“At Par”: Understanding Bond Valuation
Bond pricing differs greatly from stock valuation. Debt instruments are issued in denominations of $100, $1,000, or $5,000, which is considered their par value. When trading, the market price of a bond can be above, below or at par depending on market forces.
- The term “at par” means face value or nominal value, meaning the original price of a security at issuance.
- Par values are static, as opposed to market prices which fluctuate based on market forces including prevailing interest rates, credit ratings and time to maturity.
- Investors in debt securities receive the bond’s par value at its maturity date.
What Does “at Par” Mean?
Also known as nominal value, par value refers to the face value of a bond at issuance or the stock value stated in the corporate charter.
Financial instruments, namely debt instruments, can trade at par, above par, or below par.
Par value differs from the market value which fluctuates for bonds based on market interest rates, time to maturity date, company news and credit ratings. Both par value and the bond’s coupon rate remain the same for the entire life of the bond.
Understanding Par Value
Par value is important for fixed income instruments because it is used to determine the dollar amount of coupon payments. The market price of a bond is rarely at par due to constant market fluctuations.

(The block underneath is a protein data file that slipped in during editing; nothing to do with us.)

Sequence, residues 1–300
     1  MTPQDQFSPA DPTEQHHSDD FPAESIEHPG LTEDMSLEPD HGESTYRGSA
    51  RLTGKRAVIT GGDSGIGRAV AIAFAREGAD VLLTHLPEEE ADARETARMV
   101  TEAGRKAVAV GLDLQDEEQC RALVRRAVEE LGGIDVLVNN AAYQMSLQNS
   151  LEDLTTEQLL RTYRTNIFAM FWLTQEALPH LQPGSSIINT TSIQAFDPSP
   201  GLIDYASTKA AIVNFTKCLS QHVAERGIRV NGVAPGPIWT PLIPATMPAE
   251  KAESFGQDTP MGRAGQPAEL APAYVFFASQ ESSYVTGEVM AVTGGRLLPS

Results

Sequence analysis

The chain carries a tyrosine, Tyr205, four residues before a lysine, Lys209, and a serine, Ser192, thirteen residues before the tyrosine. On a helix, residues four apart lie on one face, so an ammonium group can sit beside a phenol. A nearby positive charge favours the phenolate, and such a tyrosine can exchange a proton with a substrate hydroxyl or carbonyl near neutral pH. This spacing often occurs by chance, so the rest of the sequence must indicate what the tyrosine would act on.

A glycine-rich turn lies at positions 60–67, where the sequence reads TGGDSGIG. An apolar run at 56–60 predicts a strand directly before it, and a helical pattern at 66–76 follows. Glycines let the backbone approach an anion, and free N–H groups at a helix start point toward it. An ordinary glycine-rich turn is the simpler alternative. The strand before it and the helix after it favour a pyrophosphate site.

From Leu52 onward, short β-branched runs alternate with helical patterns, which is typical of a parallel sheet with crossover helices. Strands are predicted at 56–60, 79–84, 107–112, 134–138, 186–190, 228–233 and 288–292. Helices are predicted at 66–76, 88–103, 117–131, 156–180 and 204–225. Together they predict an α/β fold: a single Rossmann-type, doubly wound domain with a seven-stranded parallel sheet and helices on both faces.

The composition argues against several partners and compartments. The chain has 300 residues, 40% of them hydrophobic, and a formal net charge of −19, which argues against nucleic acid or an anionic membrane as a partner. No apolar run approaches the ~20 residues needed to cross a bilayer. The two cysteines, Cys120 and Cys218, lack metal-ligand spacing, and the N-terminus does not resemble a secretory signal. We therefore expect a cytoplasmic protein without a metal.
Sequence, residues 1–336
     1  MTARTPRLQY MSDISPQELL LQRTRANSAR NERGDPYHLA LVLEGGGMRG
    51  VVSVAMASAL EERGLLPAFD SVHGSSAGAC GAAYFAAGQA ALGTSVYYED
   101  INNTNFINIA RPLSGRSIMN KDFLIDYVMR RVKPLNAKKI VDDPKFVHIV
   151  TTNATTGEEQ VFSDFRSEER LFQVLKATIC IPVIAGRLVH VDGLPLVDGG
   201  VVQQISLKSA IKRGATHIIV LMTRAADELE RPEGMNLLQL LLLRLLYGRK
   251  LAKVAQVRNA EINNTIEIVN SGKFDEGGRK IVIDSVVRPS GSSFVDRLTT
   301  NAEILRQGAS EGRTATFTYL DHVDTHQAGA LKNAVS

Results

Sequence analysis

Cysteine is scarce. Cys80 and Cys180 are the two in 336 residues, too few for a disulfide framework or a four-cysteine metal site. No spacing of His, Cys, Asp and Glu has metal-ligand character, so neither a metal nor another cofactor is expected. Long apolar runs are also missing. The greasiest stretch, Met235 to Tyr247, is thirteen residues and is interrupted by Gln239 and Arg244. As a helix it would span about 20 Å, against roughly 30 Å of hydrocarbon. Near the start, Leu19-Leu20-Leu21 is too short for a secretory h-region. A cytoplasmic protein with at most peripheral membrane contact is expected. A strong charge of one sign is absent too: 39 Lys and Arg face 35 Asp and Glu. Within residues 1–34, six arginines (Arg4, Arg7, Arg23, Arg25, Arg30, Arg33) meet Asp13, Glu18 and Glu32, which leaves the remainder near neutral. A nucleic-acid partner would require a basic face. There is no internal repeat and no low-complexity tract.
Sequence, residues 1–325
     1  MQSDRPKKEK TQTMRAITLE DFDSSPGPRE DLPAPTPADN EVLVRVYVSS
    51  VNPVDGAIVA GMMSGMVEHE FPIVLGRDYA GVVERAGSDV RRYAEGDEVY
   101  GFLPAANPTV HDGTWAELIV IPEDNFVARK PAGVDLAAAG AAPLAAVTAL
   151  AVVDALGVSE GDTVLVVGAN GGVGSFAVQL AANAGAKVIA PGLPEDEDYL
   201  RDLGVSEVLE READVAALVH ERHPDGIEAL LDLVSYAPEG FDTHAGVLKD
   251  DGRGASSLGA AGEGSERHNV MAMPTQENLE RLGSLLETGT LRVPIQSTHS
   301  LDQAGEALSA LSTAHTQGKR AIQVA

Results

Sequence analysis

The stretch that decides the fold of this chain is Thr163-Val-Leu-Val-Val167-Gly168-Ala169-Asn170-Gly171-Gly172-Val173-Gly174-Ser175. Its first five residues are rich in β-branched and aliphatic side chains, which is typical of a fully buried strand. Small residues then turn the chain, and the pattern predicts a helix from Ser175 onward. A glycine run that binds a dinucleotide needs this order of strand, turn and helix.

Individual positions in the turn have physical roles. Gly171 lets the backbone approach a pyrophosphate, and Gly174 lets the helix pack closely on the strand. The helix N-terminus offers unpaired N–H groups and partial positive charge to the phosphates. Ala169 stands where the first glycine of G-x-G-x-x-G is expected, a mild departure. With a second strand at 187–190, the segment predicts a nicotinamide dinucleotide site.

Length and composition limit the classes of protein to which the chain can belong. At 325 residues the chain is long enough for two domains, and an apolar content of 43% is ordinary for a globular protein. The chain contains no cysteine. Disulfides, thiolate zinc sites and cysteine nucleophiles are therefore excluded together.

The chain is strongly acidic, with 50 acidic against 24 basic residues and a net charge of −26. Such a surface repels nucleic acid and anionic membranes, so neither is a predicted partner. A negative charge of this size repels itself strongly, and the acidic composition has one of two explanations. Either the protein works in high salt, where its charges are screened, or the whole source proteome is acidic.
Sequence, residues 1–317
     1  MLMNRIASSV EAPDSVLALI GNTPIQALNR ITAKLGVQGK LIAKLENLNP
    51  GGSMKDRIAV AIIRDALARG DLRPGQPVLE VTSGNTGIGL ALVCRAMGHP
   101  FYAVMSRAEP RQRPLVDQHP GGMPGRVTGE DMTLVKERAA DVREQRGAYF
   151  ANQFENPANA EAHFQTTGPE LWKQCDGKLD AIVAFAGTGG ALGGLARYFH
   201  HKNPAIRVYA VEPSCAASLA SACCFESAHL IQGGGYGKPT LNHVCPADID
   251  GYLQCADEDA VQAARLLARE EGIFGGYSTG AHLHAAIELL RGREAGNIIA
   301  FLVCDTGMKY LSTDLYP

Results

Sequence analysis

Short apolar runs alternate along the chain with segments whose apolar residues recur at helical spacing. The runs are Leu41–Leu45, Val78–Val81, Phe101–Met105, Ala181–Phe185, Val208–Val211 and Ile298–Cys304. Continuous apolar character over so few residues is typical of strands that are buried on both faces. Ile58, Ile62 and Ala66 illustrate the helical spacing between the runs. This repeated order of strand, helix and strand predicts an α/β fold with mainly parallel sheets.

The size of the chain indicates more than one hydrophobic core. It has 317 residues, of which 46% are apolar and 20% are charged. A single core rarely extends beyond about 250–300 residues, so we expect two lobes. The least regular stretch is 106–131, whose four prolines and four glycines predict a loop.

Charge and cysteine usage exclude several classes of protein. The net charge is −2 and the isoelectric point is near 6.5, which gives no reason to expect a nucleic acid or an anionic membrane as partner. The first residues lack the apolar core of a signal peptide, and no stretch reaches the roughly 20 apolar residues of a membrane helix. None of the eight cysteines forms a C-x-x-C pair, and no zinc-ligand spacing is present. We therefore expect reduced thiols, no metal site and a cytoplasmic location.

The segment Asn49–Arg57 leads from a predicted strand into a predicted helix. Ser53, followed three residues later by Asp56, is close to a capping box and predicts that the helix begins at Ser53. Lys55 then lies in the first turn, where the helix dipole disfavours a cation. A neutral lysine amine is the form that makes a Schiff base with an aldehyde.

Corporate bonds are typically issued at $1,000 or $100 while municipal bonds typically have par values of $5,000. Treasury Bills are typically issued at $100 par value.
When trading, bond values are described as percentages of 100, meaning a bond trading at par would be quoted at 100. A quote of 90 would mean the market price of the bond is 90% of its par value.
In the case of equities, the par value has very little relation to the shares’ market price. Instead, it refers to the original share price, or the stock value declared in the corporate charter.
Par Value of Bonds
Bonds are debt instruments, meaning bond issuers promise to repay bondholders a certain amount of money at a determined maturity date. During the life of the bond, investors also receive coupon payments. The amount of money paid to bondholders at maturity is the bond’s par value.
While par value refers to the face value of the bond, not all bonds are issued at their par value. Discount bonds are issued below par while other bonds can be issued at a premium, meaning they are issued above par value.
The price of a bond at issuance depends on the prevailing interest rate. For example, during periods of low interest rates, more bonds tend to trade above par, or at a premium. The opposite is true when interest rates are climbing: more bonds tend to trade at a discount.
At the bond’s maturity date, every bondholder will receive the par value, regardless of if they purchased it at a discount or premium.
Why Would an Investor Purchase a Bond at a Premium?
Bonds trade at premiums when its stated interest rate is greater than the market rate (and therefore the bond’s coupon rate).
An investor may choose to purchase a bond issued previously when interest rates were higher to secure greater returns from the bond’s coupon payments, compared to bonds issued at the lower prevailing rate.
Coupon Rates of Bonds
The coupon rate of a bond is the amount of money bondholders will earn as compensation through interest payments. This is the cash flow of the bond.
For example, a bond with a par value of $1,000 and a coupon rate of 5% will have annual coupon payments of 5% x $1,000 = $50.
Interest rates and coupon rates determine whether a bond is trading above, at, or below par.